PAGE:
Muscle Balancing Techniques
Certain muscles have a tendency to tighten such as hamstrings, adductors, piriformis, psoas, calf, lower back extensors, upper fibers of trapezius, pectoralis major/minor and sub-occipital muscles. Other muscles have a tendency to weaken such as gluteus medius, maximus, quadriceps, tibials anterior, abdominals, middle and lower fibers of trapezius and deep neck flexor muscles.
This technique involves evaluating each patient for muscle imbalances and designing a specific program for them. The patient is taught to stretch the tight muscles first and then strengthen the weak muscles. These exercises are combined with mobility and cardiovascular exercises to complete the program.
Range of motion (ROM) is the term that is used to describe the amount of movement you have at each joint. If you have a limitation in ROM at a joint this could be do to tightness in the joint capsule. Mobility exercises are specifically designed to stretch the joint capsule. There are different mobility exercises for the different joints of the body. You will be instructed on which mobility exercises are good for you and how many repetitions to perform.
Range of motion (ROM) is the term that is used to describe the amount of movement you have at each joint. If you have a limitation in ROM at a joint this could be due to tightness in the muscles that surround the joint. Flexibility Exercises are specifically designed to stretch the muscles around the joint.
Stretching is useful for both injury prevention and injury treatment. Do not stretch to the point of pain and do not bounce since this may cause injury to the muscle. There are different flexibility exercises for the different muscles of the body. You will be instruct on which flexibility exercises are good for you and how many to perform.
Muscles help you move, and also support all the bones and joints in your body. Many aches and pains can be prevented or treated by having strong muscles. If your muscles are strong, they can protect your joints and keep your posture aligned properly. Proper posture will limit any abnormal strain on your joints, ligaments, muscles, tendons and bones.
If you have had an injury to your bones, muscles, or structures in and around your joints, a physical therapist can help teach you what strengthening exercises are helpful and what exercises are harmful. They can monitor your exercises when you first start and then make sure that other problems do not develop. A physiotherapist can also teach you how much weight to lift, the number of repetitions, sets and when to progress or change your exercises.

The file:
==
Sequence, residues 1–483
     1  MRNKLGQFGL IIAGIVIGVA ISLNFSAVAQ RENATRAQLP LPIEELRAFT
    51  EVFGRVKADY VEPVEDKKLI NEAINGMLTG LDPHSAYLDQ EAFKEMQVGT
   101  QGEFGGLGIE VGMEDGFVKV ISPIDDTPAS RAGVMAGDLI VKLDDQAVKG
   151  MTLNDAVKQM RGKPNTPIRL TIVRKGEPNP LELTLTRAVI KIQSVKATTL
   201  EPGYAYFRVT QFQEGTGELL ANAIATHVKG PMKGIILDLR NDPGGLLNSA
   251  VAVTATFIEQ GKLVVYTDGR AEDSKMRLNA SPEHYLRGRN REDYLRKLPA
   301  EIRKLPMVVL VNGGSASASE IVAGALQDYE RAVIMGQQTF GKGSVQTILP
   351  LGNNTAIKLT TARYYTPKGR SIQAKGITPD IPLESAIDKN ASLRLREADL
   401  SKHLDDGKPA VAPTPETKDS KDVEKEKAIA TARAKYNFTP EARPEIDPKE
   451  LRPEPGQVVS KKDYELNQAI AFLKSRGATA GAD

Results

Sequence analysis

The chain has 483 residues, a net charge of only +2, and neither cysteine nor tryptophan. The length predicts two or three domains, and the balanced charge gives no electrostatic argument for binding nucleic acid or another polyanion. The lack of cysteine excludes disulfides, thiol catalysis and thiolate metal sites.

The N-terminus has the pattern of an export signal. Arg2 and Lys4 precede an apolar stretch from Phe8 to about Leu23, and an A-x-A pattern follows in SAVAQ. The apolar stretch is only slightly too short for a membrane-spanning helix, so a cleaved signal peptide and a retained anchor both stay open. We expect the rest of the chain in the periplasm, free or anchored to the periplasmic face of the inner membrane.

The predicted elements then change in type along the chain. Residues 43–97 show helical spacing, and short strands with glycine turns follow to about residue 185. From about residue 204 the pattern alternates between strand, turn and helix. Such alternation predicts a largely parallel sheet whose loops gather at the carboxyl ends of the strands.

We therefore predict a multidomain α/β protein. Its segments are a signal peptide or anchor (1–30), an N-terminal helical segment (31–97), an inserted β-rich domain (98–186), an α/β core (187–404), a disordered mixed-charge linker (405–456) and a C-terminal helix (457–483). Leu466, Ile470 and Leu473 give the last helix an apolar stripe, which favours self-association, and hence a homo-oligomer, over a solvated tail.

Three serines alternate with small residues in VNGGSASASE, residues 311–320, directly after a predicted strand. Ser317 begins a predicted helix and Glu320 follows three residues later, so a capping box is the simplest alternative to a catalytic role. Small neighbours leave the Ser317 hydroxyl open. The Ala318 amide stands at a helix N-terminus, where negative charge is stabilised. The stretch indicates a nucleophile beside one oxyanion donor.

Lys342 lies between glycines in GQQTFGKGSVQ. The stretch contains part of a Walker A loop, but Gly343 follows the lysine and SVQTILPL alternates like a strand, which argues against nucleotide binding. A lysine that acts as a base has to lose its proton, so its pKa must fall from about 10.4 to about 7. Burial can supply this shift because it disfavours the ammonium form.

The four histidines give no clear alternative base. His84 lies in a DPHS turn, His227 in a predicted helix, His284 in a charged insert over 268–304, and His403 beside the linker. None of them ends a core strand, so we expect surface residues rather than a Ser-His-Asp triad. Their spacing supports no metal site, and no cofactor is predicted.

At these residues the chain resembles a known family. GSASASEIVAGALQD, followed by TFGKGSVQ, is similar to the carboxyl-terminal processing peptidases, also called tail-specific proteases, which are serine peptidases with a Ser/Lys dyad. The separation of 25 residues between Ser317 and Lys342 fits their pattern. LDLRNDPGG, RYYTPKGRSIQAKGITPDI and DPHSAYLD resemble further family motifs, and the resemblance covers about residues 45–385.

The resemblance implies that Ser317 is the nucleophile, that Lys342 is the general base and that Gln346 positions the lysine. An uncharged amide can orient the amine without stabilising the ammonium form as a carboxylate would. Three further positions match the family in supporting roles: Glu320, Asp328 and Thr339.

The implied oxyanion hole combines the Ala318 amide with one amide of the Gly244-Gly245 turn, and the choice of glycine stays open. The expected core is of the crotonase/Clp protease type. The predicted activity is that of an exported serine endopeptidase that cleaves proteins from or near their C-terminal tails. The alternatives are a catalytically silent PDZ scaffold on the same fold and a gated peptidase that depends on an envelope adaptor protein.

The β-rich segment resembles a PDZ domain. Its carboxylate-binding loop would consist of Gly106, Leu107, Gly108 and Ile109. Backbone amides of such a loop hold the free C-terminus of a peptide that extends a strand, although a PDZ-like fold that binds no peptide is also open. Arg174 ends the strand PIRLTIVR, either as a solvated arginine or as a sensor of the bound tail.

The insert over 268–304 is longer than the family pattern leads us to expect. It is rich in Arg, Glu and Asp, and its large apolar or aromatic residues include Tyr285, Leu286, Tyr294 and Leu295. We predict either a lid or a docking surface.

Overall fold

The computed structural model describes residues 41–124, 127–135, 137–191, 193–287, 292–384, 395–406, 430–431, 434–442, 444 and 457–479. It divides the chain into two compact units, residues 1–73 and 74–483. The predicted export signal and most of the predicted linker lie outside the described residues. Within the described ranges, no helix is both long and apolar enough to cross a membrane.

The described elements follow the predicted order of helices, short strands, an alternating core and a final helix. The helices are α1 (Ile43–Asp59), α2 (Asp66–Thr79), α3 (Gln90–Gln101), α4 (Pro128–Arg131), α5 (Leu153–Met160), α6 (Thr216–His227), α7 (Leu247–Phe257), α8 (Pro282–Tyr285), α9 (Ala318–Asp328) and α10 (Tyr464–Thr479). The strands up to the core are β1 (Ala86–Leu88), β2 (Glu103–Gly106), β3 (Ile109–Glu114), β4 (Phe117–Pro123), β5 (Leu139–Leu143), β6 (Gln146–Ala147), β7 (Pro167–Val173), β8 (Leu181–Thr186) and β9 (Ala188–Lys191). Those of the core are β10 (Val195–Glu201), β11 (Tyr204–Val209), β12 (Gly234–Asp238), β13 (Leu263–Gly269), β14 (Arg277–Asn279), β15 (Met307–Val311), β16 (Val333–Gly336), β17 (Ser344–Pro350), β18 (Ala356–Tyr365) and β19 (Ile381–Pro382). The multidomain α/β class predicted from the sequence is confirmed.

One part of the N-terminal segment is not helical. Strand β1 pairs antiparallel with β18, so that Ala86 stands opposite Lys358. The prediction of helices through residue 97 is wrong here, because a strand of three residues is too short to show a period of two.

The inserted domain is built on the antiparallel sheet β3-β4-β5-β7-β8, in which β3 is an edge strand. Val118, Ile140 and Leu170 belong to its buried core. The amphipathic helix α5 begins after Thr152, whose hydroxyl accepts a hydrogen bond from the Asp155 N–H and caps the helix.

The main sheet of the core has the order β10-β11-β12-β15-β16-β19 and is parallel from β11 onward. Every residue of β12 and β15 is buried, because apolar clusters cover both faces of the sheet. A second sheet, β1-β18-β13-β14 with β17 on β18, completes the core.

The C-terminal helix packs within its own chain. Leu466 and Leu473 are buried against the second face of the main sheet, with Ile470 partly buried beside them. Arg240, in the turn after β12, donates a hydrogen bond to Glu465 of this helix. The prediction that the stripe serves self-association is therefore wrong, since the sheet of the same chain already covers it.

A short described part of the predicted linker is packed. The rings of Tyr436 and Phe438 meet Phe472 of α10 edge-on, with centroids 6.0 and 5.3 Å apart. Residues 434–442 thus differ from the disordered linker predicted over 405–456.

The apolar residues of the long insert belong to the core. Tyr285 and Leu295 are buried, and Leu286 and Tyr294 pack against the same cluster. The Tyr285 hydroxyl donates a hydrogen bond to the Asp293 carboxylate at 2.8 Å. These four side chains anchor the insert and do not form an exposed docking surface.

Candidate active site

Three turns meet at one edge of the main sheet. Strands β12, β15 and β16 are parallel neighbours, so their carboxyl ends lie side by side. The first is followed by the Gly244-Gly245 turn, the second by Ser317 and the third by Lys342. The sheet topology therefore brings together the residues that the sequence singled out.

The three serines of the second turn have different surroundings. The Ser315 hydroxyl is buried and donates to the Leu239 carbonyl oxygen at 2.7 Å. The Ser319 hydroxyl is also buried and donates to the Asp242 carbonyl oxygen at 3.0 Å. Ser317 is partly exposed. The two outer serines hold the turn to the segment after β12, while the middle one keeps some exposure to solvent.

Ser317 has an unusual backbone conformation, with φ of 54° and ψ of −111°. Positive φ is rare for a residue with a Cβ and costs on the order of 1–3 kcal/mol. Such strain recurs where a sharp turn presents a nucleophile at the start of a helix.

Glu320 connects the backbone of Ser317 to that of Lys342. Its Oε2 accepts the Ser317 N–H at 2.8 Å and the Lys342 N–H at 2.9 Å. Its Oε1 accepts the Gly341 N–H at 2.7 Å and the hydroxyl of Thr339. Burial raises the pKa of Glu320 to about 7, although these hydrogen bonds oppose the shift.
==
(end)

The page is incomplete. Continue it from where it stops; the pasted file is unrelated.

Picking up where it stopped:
Lumbar Stabilisation Exercises
Lumbar Stabilzation is an active form of exercise used in physical therapy. Research indicates an association between chronic low back pain and muscle weakness and tightness. The trunk and pelvic muscles are most affected. Lumbar Stabilization training can improve the strength, endurance, balance and control of these muscles to support the spine and help prevent lower back pain.
The patient first learns how to find the “neutral” posture. The neutral position is somewhere between an arched back and a flat back. Ideally it is a position that minimizes pain. With the neutral spine posture, the patient performs a series of exercises. During the exercise the arms and/or legs are moved while the trunk and pelvic muscles work to hold the neutral position. A variety of exercise positions are utilized including on the stomach, back, all fours, sitting and standing. As the patient improves, the exercises are modified to make them more challenging. This exercise technique relies on proprioception, or the awareness of where ones joints are positioned. Performed on an ongoing basis, these exercises can help keep the back strong and well positioned.
Lumbar Stabilization is a multi-component program and involves education/training, strength, flexibility and endurance. It is generally used during all phases of a back pain episode and may be prescribed after a thorough evaluation of the patient’s specific condition.
The goals of Lumbar Stabilisation exercises include:
• Reduce amount of back pain
• Gain control over the movements of—and forces acting on—the spine during
daily activity thereby creating a healing environment
• Help heal soft-tissue injury, such as muscle strain and torn ligaments
• Reduce the chance of back injury due to repetitive motions or sudden movements or stresses
Your spine will be evaluated and a specific Lumbar Stabilization programme will be prepared for you. The therapist will carefully observe you going through your exercises and provide correction to ensure the patient develops proper technique that then can be used at home, office or recreation. Once learned, the lumbar stabilization exercise program is designed to train the muscles to maintain this neutral spine position subconsciously, quickly and automatically.